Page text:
Valuable Lessons from My First Creative Business
Many lifetimes ago I owned my first creative business: a floral and event design business with my mom. It was called Fiori Event Design and we owned it for seven years. We worked really hard, had fun, and were heartbroken when we had to close it. If I knew then what I know now... I would have done things differently. Owning that business taught me a lot.
Location doesn't matter. We started out in a small space and decided to upgrade our location because we thought the added visibility would benefit us. Foot traffic was not what we needed - we could have been in a warehouse area and spent a lot less on rent.
Networking is super important. Connecting with catering managers and being on the hotel's preferred vendor list was huge for our business. As an introvert I made the mistake of avoiding industry events and networking opportunities.
Don't spend too much on advertising. Some high end magazines had astronomical advertising rates but we figured if that one ad could get us x amount of business it was worth it.
Learn to negotiate. Almost everything is negotiable but if you don't ask the answer is always no.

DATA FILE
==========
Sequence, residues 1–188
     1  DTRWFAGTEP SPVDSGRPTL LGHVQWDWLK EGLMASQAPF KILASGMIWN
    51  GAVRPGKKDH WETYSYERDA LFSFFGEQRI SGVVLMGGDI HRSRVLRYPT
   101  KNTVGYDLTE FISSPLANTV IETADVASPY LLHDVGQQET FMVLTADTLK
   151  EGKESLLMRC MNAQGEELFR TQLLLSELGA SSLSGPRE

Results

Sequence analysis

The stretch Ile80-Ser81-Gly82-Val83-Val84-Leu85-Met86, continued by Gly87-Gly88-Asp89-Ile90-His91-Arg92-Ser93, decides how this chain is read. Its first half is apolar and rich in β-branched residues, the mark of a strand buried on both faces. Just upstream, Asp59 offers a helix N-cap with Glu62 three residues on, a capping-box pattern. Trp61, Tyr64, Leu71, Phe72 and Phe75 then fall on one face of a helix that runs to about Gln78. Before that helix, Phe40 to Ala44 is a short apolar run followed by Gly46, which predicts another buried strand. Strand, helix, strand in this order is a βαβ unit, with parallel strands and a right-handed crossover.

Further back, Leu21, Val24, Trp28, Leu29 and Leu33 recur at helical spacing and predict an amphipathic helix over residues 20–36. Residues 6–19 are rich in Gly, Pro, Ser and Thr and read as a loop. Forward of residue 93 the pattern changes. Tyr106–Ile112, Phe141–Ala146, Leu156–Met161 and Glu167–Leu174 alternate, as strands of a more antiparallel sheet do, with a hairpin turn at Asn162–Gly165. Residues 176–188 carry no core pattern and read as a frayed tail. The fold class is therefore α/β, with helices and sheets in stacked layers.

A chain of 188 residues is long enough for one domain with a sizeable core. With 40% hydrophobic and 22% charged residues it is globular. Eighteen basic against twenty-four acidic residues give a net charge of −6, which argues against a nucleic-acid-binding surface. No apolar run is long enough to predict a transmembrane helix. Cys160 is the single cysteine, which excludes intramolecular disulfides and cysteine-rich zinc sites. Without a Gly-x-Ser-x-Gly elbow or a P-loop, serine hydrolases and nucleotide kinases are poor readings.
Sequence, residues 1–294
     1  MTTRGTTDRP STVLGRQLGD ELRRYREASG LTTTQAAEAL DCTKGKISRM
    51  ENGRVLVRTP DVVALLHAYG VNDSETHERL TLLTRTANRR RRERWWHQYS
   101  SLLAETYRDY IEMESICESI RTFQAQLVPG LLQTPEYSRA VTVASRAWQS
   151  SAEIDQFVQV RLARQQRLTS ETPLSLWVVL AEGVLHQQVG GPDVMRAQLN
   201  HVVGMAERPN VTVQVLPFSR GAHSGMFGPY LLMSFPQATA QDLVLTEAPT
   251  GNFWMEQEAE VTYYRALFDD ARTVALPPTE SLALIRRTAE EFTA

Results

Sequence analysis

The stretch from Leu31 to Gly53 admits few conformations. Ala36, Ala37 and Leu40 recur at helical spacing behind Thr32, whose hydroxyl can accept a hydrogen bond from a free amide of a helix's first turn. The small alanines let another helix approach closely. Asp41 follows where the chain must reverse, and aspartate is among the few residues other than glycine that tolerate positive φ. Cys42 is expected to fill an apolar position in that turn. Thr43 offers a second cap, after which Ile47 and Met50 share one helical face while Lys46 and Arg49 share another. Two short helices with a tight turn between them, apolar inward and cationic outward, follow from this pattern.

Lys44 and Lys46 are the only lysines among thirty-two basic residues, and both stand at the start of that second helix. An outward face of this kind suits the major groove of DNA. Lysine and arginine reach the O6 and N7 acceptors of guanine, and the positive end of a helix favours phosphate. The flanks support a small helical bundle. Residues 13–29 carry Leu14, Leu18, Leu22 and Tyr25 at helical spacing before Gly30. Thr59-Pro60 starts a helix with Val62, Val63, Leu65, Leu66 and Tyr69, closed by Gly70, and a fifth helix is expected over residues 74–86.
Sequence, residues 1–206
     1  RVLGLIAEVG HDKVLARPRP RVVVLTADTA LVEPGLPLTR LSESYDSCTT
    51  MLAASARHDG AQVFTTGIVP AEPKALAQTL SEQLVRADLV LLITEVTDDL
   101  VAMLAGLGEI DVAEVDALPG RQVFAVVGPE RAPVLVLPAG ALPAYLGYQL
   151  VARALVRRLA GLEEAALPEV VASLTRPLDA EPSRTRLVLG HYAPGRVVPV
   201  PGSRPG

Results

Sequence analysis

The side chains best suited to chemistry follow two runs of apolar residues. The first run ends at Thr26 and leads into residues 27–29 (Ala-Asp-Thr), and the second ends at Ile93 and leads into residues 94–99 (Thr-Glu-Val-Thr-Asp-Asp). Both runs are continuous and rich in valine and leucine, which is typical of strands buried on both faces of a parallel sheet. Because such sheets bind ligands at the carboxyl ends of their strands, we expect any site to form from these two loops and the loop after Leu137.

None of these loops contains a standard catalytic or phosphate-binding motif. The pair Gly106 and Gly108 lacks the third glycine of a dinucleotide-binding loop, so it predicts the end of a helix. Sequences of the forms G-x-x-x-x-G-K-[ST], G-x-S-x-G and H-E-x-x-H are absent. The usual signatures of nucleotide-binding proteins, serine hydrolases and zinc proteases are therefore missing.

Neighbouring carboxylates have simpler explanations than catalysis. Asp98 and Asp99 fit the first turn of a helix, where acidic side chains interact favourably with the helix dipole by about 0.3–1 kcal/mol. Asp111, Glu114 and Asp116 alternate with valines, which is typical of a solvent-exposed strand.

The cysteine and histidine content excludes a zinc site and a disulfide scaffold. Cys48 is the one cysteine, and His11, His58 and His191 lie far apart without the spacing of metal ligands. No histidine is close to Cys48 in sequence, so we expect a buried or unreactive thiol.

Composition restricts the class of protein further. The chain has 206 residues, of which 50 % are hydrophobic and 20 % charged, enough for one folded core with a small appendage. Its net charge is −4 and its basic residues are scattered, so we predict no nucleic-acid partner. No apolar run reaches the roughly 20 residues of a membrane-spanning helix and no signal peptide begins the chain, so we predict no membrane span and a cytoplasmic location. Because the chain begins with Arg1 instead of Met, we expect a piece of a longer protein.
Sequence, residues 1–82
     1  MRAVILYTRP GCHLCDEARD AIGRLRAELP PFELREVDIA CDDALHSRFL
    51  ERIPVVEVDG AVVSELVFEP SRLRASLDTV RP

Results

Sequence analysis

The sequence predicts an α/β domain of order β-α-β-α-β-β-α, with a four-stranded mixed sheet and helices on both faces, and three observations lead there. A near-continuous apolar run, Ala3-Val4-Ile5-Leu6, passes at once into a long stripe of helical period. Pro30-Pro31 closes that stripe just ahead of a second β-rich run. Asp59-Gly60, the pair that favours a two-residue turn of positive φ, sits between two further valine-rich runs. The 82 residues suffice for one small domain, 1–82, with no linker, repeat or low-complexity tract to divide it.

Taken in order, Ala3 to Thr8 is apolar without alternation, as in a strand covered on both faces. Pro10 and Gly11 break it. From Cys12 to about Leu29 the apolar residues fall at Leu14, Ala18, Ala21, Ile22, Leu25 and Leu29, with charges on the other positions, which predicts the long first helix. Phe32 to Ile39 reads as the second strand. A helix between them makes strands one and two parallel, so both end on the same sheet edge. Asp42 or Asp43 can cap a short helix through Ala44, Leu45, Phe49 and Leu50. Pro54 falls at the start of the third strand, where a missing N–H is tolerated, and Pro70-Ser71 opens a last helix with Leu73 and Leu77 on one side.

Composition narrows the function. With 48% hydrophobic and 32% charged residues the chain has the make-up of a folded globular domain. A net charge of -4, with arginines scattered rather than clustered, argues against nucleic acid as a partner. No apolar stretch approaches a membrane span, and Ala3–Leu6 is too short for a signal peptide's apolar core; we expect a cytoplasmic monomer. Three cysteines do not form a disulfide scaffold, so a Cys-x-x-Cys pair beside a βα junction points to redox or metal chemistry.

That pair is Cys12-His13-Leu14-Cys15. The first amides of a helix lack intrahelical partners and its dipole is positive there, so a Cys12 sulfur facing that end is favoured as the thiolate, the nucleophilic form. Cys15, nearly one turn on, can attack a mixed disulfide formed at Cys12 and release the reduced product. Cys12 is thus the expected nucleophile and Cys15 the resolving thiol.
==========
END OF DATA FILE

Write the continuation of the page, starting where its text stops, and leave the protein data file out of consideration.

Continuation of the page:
Find a mentor. This was a VERY big mistake. I should have been working with someone who knew about running a creative business and who could advise me on where to improve, set goals, hire people, etc. I wasn't equipped to figure everything out on my own.
Late last year I began working with an art business coach (The Artist Entrepreneur) and this has made a HUGE difference in my business. With the help of Catherine and the other artists in the community I have been consistent in my work, developed good habits and set and achieved growth goals. When I get stuck and need help figuring out what to do next I have people I can turn to for advice.
Take time off and have a life. In the end, one of the things that drove me to close the business was how tired I was. I was burned out and going to work was no longer something I looked forward to.
Invest in the brand. I succeeded in booking a lot of out of town business because I had a good website. It was not anything flashy but it was way ahead of what many of my competitors had.
Looking back on my days at Fiori, I'm glad things happened the way they did. After all, that's what got me where I am today. All of those lessons are valuable and thinking about what I could have done better then helps me in what I'm doing now. For example, writing this post I realized I haven't been very good about having a life outside of work. Between my freelance marketing work and my photography work I seem to have forgotten to take time off and have fun. Now I make it a point to spend most of the weekend offline and to do things that have no business value. Bruno thinks that's an excellent idea ;-)